The burning of Washington comes to mind as a major challenge in Madison’s presidency. Are there more obscure events that he found particularly challenging?
Just after the start of Madison’s 1809 presidency, gaggles of guests at the President’s House deduced a deviation in his demeanor:
“…often at Mrs. Madison’s receptions, the president simply stood in the middle of the room, looking distracted. Dolley noticed too and her heart went out to him. She knew what the trouble was. England and France. It was like these two warring countries had moved into James’s mind and taken over. Nothing had improved since the removal of the embargo…”
(The Great Little Madison by Jean Fritz; p. 108)
Two years earlier, President Jefferson, and Madison—then his Secretary of State—embargoed trade with Europe, to temper tensions with Britain. But, the measure flopped, and rancor rose–particularly among the flock of Federalists in the Northeast–where commerce was still connected to the Crown.
Within two years, all the prohibitions were lifted–except the Non-Recourse strictures between England and France; in the period since, there had been no détente in Britain’s belligerence. They maintained a mammoth maritime monopoly gleefully stopping vessels; stripping them of valuables; seizing sailors, and—sinking ships.
(“James Madison”—White House Historical Association; p. 2).
“…Madison…protested, threatened, and tried one diplomatic maneuver after another. Why couldn’t England see reason?” (ibid).
In June 1809, the British ambassador, David Erskine, indicated his country was ready to sign an agreement, to remove the remaining restrictions; industry re-opened, and the president anticipated a titanic triumph. Then, Madison:
“…inserted a clause…reminding King George that he had done nothing to that English officer responsible for firing on the Chesapeake [an American frigate blasted by the British]. Madison wanted to keep the record straight, and Americans did indeed resent England’s ignoring the incident as if it never happened…” (ibid)
The King squashed the transaction and recalled Erskine “who complicated matters on his own end by violating hid government’s instructions and making pledges his government later disowned.”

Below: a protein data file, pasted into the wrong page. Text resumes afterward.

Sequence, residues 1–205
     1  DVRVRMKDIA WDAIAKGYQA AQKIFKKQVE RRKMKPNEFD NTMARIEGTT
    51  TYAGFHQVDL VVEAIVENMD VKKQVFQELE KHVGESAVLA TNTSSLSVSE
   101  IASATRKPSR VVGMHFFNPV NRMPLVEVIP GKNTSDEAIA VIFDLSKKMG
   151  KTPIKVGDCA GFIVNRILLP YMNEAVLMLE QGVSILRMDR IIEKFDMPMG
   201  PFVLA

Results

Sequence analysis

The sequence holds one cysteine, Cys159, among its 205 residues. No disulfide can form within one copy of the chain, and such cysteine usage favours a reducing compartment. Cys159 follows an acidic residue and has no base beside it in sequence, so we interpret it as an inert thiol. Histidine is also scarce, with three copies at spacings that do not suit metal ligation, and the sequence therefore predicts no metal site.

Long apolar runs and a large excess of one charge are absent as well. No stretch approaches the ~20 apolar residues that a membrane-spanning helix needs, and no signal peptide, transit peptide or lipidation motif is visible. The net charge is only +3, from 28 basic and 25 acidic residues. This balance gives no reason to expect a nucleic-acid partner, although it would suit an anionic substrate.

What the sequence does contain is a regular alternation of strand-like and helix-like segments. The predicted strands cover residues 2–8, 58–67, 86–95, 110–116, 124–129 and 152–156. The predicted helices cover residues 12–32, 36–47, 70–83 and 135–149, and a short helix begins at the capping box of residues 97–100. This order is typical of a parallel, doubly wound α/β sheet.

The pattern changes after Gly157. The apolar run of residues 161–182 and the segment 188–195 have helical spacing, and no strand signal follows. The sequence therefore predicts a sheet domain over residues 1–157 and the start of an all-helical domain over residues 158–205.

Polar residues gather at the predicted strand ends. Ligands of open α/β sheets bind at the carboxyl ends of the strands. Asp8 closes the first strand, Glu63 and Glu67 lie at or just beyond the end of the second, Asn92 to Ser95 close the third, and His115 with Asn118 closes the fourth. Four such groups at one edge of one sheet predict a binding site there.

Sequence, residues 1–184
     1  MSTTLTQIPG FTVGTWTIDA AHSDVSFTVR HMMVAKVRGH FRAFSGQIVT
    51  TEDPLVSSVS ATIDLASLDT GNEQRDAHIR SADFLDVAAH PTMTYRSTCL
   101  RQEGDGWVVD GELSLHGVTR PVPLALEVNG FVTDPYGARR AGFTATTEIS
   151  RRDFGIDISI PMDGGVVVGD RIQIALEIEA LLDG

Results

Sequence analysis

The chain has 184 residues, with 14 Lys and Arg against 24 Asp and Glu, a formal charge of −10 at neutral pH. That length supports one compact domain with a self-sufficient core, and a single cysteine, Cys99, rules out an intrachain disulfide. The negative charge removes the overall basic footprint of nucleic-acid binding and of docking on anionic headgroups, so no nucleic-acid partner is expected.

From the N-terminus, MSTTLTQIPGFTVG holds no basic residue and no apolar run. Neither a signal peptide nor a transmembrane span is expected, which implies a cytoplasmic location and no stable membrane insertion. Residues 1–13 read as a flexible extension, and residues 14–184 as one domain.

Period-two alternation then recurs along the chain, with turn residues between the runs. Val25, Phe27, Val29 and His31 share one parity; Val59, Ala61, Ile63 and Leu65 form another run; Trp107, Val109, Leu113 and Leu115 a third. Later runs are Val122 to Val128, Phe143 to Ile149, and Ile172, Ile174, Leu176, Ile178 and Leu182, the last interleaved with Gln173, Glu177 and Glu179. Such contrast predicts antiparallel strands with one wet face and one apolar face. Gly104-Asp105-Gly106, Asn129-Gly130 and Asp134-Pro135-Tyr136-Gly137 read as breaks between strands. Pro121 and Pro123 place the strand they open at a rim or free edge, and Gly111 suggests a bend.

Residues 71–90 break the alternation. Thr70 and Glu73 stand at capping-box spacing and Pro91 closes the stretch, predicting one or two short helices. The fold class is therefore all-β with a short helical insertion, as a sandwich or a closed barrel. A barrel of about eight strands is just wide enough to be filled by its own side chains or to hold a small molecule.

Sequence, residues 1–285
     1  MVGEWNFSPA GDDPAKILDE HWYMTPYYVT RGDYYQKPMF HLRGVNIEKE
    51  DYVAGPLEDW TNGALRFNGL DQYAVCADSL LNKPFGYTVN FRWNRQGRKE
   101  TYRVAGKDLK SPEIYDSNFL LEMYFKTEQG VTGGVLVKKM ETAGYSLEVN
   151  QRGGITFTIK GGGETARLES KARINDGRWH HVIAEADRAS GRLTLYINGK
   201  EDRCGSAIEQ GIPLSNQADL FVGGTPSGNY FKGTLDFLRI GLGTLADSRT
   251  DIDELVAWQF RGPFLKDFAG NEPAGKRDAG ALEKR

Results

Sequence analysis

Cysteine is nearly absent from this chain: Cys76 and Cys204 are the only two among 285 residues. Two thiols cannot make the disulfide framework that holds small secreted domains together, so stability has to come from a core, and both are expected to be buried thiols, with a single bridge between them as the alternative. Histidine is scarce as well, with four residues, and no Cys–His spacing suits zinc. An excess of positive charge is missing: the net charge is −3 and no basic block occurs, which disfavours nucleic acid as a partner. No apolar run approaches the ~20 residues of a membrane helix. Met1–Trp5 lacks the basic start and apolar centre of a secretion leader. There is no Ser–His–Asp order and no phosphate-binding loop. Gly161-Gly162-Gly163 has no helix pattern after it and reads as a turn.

(The Madisons: America’s First Power Couple by Alexander Kennedy; pp. 173-176).
Madison, in the meantime, was bashed by Federalist flotsam—for his so-called weakness; indecisiveness; French bias, and deep dependence on Jefferson’s advice:
“…One Federalist, who kept an eye on Virginia mail, reported that in the course of three months, Madison had written to Jefferson twelve times. This proved, he said, that Madison couldn’t make a move without Jefferson’s approval. [Actually, they had been corresponding about problems with a newborn lamb].” (Fritz; ibid).
Erskine was succeeded by three ministers; the first “became so hostile, that Madison told him to go home. The next two…underestimated Madison and the temper of the country. There would never be a war, they said…” (ibid).
Finally, in August of 1811, optimism palpitated through America, again–when France disclosed it would revoke its Non-Recourse provision—if England reciprocated.
But the superpower had no desire to accommodate–or terminate–its talent to torture and terrorize on the seas.
That rebuff reverberated—and re-calibrated, stateside–into a rage on the rise.
Summers—luckily–were a respite for Dolley and James, from the constant contention in Washington. In 1811, hostilities were heated, heightened, and heavy, but—even so–they returned to Montpelier:
“Never mind that the New England Federalists were threatening to impeach Madison. Next year there would be an election and if the people wanted to get rid of James, they could vote him out. James and Dolley were not going to bother themselves with the Federalists. Or thoughts of the election. They were going to give England every chance to come to its senses…” (ibid).
That season, they resumed the neglected re-modeling, and prepared to entertain family, friends, and acquaintances for long, languorous, afternoon suppers:
“…There was plenty of room, and she and James took special joy in their nieces and nephews. But always Dolley had to count on unexpected visitors. Before serving dinner at four o’clock, Dolley or James would look through the telescope that they kept on the front porch to see if anyone was driving up the road. Everyone could expect a warm welcome…” (ibid).